The European Commission, ‘Union of Equality: The Commission presents its first-ever strategy on LGBTIQ equality in the EU’ (12 November 2020).
 Florian Eder and Hans Der Burchard, ‘“A shame”: Von der Leyen vows EU will fight Hungary’s anti-LGBTQ+ law.’ Politico (23 June 2021)
 ILGA, ‘EU Holds Firm in Face of Hungary’s Blatant Lies Surrounding Anti-LGBTI Law’ (12 December 2021)
 David Finlay et al. Enemies in Politics. (Rand McNally, 1967) p. 7
 Human Rights Watch, ‘Hungary’s Path Puts Everyone’s Rights in Danger.’ (Hungary, 12 December 2021).
 Daniel McLoughlan, ‘EU tells Hungary to quash ‘disgraceful’ anti-LGBT law’ The Irish Times (Dublin, 7 July 2021)
 European Agency for Fundamental Rights, ‘EU LGBTI survey II, A long way to go for LGBTI equality’ (2021).
 Sophie Wilmes, ‘Eighteen Countries Unite at Belgiums Initiative to Defend LGBTQ Rights in Europe.’ (Belgium, 22 June 2021).
 CIVICUS, ‘Hungary: concerns over the erosion of the rights of LGBTQIA+ persons.’ (26 August 2021).
 Ipsos, ‘LGBT+ Pride 2021 Global Survey’ (07 May 2021).
 Zach Beauchamp, ‘How hatred of gay people became a key plank in Hungary’s authoritarian turn.’ VOX (28 June 2021).
Sources and further readings
CIVICUS, ‘Hungary: concerns over the erosion of the rights of LGBTQIA+ persons.’ (26 August 2021). Available at: https://www.civicus.org/index.php/media-resources/media-releases/open-letters/5249-hungary-concerns-over-the-erosion-of-the-rights-of-lgbtqia-persons accessed 15 December 2021.
European Agency for Fundamental Rights, ‘EU LGBTI survey II, A long way to go for LGBTI equality.’ (2021) Available at: https://fra.europa.eu/sites/default/files/fra_uploads/lgbti-survey-country-data_hungary.pdf accessed on 13 December 2021.
Ipsos, ‘LGBT+ Pride 2021 Global Survey’ (07 May 2021) Available at: https://www.ipsos.com/sites/default/files/ct/news/documents/2021-06/lgbt-pride-2021-global-survey-ipsos.pdf accessed on 13 December 2021.
The European Commission, ‘EU founding values: Commission starts legal action against Hungary and Poland for violations of fundamental rights of LGBTIQ people.’ (15 July 2021) Available at: https://ec.europa.eu/commission/presscorner/detail/en/ip_21_3668 accessed on 14 December 2021.
The European Commission, ‘Union of Equality: The Commission presents its first-ever strategy on LGBTIQ equality in the EU’ (12 November 2020) Available at: https://ec.europa.eu/commission/presscorner/detail/en/ip_20_2068 accessed 15 December 2021.
Statutes and Statutory Instruments
The Treaty on European Union, (1992) OJ C 236.
Amnesty International, ‘Hungary: Court of Justice of the EU rejects anti-migrant ”Stop Soros” law’ (16 November 2021) Available at: https://www.amnesty.org/en/latest/news/2021/11/hungary-court-of-justice-of-the-eu-rejects-anti-migrant-stop-soros-law/ accessed on 16 December 2021.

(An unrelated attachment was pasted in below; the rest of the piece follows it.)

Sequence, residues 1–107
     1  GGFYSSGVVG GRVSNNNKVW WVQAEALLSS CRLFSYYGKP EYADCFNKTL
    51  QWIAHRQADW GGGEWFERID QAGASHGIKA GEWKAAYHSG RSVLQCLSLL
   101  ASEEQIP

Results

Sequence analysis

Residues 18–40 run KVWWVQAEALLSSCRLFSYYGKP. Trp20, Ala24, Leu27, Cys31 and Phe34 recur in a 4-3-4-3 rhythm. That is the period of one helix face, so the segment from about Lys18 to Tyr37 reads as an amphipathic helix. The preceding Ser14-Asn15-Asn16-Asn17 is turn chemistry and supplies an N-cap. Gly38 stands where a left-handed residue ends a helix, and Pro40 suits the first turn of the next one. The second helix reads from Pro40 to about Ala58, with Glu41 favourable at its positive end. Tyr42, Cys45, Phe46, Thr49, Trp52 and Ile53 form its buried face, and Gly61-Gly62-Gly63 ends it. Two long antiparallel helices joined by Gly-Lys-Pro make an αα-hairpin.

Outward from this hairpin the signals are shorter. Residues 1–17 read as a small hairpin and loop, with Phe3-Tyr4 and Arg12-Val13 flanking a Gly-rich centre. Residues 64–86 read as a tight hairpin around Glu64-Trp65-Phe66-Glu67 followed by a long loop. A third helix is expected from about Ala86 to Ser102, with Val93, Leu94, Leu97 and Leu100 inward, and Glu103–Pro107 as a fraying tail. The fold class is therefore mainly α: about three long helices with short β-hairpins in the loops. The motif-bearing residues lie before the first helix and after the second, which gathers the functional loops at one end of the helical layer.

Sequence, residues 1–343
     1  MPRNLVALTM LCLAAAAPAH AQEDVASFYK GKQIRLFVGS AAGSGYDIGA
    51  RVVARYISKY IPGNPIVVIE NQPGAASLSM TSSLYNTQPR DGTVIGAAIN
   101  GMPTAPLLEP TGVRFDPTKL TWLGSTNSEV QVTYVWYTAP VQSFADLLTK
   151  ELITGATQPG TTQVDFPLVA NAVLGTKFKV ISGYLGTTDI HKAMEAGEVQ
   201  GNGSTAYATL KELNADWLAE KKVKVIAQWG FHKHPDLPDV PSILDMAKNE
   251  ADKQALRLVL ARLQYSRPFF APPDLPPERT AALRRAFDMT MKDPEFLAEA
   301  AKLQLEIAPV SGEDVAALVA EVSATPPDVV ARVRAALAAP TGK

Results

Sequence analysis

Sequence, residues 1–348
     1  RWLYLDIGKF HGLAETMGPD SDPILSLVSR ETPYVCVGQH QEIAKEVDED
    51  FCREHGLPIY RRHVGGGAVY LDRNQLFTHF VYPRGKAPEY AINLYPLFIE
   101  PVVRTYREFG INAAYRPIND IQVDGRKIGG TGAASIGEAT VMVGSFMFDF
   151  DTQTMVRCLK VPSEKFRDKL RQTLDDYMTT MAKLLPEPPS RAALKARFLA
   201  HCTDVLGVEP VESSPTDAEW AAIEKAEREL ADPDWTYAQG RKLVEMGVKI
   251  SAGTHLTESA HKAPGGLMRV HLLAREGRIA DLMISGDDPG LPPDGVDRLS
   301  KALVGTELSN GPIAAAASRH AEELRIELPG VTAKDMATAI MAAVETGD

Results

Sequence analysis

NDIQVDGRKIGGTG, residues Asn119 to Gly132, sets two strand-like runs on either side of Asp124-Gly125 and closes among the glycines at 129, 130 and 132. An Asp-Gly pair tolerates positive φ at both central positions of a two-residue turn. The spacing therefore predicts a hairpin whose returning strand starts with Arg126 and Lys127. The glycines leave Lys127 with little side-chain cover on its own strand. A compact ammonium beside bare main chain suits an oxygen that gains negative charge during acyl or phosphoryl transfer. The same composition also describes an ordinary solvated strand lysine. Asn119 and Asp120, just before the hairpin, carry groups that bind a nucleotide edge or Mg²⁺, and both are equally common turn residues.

Amnesty International, ‘Hungary: Dark day for LGBTI rights as homophobic and transphobic law adopted.’ (15 June 2021) Available at: https://www.amnesty.org/en/latest/news/2021/06/hungary-dark-day-for-lgbti-rights-as-homophobic-and-transphobic-law-adopted/ accessed 13 December 2021.
APNews, ‘Rights groups condemn Hungarian ban on same-sex adoptions’ (16 December 2020) Available at: https://apnews.com/article/relationships-budapest-viktor-orban-couples-adoption-4e9eca5bc90c7810a26e08c9178bae90 accessed on 14 December 2021.
Daniel McLoughlan, ‘EU tells Hungary to quash ‘disgraceful’ anti-LGBT law’ The Irish Times (Dublin, 7 July 2021). Available at: https://www.irishtimes.com/news/world/europe/eu-tells-hungary-to-quash-disgraceful-anti-lgbt-law-1.4613912 accessed on 14 December 2021.
Florian Eder and Hans Der Burchard, ‘A shame’: Von der Leyen vows EU will fight Hungary’s anti-LGBTQ+ law. Politico (23 June 2021) Available at: https://www.politico.eu/article/european-commission-legal-steps-hungarys-anti-lgbtq-law/ accessed on 15 December 2021.
Human Rights Watch, ‘Hungary’s Path Puts Everyone’s Rights in Danger.’ (Hungary, 12 December 2021) Available at: https://www.hrw.org/news/2021/10/06/hungarys-path-puts-everyones-rights-danger accessed 14 December 2021.
ILGA, ‘EU Holds Firm in Face of Hungary’s Blatant Lies Surrounding Anti-LGBTI Law’ (12 December 2021) Available at: https://www.ilga-europe.org/resources/news/latest-news/eu-holds-firm-face-hungarys-blatant-lies-surrounding-anti-lgbti-law accessed on 13 December 2021.
Sophie Wilmes, ‘Eighteen Countries Unite at Belgiums Initiative to Defend LGBTQ Rights in Europe.’ (Belgium, 22 June 2021) Available at: https://wilmes.belgium.be/en/thirteen-countries-unite-belgiums-initiative-defend-lgbtiq-rights-europe accessed on 13 December 2021.
Zach Beauchamp, ‘How hatred of gay people became a key plank in Hungary’s authoritarian turn.’ VOX (28 June 2021) Available at: https://www.vox.com/22547228/hungary-orban-lgbt-law-pedophilia-authoritarian accessed on 15 December 2021.
Finlay, D et al. Enemies in Politics. (Rand McNally, 1967).